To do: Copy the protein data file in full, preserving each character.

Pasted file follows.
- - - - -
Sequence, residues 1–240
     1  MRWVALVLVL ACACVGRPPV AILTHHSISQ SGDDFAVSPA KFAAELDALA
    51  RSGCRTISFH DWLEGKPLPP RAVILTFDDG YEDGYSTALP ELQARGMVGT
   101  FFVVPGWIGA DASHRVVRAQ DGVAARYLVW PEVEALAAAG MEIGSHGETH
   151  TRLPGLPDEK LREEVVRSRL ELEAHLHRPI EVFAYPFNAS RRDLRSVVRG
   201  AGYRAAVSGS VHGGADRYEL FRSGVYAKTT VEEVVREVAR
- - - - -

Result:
Sequence, residues 1–240
     1  MRWVALVLVL ACACVGRPPV AILTHHSISQ SGDDFAVSPA KFAAELDALA
    51  RSGCRTISFH DWLEGKPLPP RAVILTFDDG YEDGYSTALP ELQARGMVGT
   101  FFVVPGWIGA DASHRVVRAQ DGVAARYLVW PEVEALAAAG MEIGSHGETH
   151  TRLPGLPDEK LREEVVRSRL ELEAHLHRPI EVFAYPFNAS RRDLRSVVRG
   201  AGYRAAVSGS VHGGADRYEL FRSGVYAKTT VEEVVREVAR